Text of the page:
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Others: Report on Reforming Suspended Sentences in Hong Kong

TitleReport on Reforming Suspended Sentences in Hong Kong
Authors
KeywordsHong Kong
Sentencing
Suspended sentence
Law reform
Issue Date2012
PublisherCentre for Comparative and Public Law, HKU.
AbstractThis report is from a study of the suspended sentence power in Hong Kong undertaken by the Centre for Comparative and Public Law at the request of the Law Society of Hong Kong (LSHK). Members of the LSHK’s Criminal Law and Procedure Committee have been concerned about the list of exceptions to the suspended sentence power. The purpose of this report is to inform members of that Committee of the background and law on the suspended sentence power and to aid their ongoing discussion of the topic with the Law Reform Commission of Hong Kong. The study focuses specifically on the exceptions to the power of the courts of Hong Kong to impose suspended sentences under the Criminal Procedure Ordinance (Cap 221) (CPO). The study will consider arguments for maintaining, abolishing or reforming the list of excepted offences for which offenders cannot receive a suspended sentence of imprisonment regardless of circumstances. In doing so, the project will examine the nature of judicial power to order suspended sentences or their equivalent in the following jurisdictions: Australia (Victoria), New Zealand, Canada, Singapore, and the United Kingdom (UK). It will also provide the historical context in which Hong Kong introduced the suspended sentence of imprisonment, and the rationale for excepting the offences listed in Schedule 3 of the CPO.
Persistent Identifierhttp://hdl.handle.net/10722/219340
SSRN

 

DC FieldValueLanguage
dc.contributor.authorYoung, SNM-
dc.contributor.authorFast, S-
dc.date.accessioned2015-09-22T08:19:40Z-
dc.date.available2015-09-22T08:19:40Z-
dc.date.issued2012-
dc.identifier.urihttp://hdl.handle.net/10722/219340-
dc.description.abstractThis report is from a study of the suspended sentence power in Hong Kong undertaken by the Centre for Comparative and Public Law at the request of the Law Society of Hong Kong (LSHK). Members of the LSHK’s Criminal Law and Procedure Committee have been concerned about the list of exceptions to the suspended sentence power. The purpose of this report is to inform members of that Committee of the background and law on the suspended sentence power and to aid their ongoing discussion of the topic with the Law Reform Commission of Hong Kong. The study focuses specifically on the exceptions to the power of the courts of Hong Kong to impose suspended sentences under the Criminal Procedure Ordinance (Cap 221) (CPO). The study will consider arguments for maintaining, abolishing or reforming the list of excepted offences for which offenders cannot receive a suspended sentence of imprisonment regardless of circumstances. In doing so, the project will examine the nature of judicial power to order suspended sentences or their equivalent in the following jurisdictions: Australia (Victoria), New Zealand, Canada, Singapore, and the United Kingdom (UK). It will also provide the historical context in which Hong Kong introduced the suspended sentence of imprisonment, and the rationale for excepting the offences listed in Schedule 3 of the CPO.-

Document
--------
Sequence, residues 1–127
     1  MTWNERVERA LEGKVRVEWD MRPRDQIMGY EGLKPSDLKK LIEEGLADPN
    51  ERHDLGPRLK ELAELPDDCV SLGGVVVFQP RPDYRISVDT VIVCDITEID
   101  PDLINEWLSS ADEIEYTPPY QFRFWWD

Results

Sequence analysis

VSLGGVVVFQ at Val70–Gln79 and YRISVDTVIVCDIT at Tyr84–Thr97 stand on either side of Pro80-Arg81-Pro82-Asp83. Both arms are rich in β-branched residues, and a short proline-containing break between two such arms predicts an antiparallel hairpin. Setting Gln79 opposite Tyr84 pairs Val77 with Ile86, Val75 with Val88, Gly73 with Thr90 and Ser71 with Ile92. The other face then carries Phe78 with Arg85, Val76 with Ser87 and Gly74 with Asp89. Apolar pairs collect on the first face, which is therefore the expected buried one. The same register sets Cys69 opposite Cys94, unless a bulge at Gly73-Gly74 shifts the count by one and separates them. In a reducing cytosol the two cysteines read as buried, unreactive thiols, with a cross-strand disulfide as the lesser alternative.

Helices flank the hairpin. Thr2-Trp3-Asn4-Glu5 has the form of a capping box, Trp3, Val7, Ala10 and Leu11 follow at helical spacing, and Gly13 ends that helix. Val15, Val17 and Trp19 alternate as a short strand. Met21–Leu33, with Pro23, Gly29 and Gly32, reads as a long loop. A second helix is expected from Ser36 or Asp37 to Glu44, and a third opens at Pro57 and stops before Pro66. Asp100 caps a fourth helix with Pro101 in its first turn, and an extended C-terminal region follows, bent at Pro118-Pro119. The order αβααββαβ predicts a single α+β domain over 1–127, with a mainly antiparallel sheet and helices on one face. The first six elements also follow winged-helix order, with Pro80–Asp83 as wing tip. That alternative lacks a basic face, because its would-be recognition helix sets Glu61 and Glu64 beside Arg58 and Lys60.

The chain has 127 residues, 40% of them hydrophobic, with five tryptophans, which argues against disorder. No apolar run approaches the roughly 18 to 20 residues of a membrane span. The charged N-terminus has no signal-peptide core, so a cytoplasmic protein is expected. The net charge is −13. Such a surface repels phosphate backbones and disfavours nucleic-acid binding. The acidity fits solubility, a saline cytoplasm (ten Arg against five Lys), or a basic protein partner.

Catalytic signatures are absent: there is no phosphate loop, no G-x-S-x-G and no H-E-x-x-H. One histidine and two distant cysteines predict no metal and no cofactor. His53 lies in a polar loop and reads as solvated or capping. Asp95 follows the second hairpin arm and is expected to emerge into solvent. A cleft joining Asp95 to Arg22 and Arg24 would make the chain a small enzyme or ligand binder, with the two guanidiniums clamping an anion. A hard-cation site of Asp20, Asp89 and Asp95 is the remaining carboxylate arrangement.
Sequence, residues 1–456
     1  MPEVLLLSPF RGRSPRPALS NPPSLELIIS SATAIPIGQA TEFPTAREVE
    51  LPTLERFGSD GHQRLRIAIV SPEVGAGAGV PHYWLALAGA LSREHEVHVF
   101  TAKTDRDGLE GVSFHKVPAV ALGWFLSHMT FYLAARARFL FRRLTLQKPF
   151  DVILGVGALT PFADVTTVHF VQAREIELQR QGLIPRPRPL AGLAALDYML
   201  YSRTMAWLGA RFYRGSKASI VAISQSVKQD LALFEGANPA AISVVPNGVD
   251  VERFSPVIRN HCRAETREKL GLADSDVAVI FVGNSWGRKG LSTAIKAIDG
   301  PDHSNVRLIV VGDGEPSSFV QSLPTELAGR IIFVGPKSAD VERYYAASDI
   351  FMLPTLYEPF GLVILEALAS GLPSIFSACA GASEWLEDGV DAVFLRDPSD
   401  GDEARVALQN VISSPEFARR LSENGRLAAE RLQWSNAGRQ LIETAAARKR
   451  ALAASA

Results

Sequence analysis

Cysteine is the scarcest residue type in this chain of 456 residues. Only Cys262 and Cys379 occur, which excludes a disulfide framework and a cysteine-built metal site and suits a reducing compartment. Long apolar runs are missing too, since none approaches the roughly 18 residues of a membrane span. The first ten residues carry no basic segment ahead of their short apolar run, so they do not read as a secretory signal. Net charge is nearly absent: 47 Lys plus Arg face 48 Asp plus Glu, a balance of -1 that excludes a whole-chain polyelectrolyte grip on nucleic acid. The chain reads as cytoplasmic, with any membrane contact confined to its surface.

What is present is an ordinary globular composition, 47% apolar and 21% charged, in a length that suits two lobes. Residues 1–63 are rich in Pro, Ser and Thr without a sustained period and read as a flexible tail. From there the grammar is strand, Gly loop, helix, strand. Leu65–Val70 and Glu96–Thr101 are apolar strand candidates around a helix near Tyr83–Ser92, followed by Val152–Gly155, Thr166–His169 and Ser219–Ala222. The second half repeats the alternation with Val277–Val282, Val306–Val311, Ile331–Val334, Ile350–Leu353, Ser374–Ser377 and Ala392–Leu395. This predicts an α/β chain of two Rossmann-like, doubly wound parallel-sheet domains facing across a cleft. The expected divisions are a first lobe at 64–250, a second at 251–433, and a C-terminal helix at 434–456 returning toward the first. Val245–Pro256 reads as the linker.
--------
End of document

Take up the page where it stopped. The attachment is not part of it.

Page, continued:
dc.languageeng-
dc.publisherCentre for Comparative and Public Law, HKU.-
dc.rightsCreative Commons: Attribution 3.0 Hong Kong License-
dc.subjectHong Kong-
dc.subjectSentencing-
dc.subjectSuspended sentence-
dc.subjectLaw reform-
dc.titleReport on Reforming Suspended Sentences in Hong Kong-
dc.typeOthers-
dc.identifier.emailYoung, SNM: snmyoung@hku.hk-
dc.identifier.emailFast, S: sfast@hku.hk-
dc.identifier.authorityYoung, SNM=rp01275-
dc.description.naturepostprint-
dc.identifier.hkuros224198-
dc.identifier.spage2-
dc.identifier.epage55-
dc.publisher.placeHong Kong-
dc.identifier.ssrn2655623-
dc.identifier.hkulrp2015/029-

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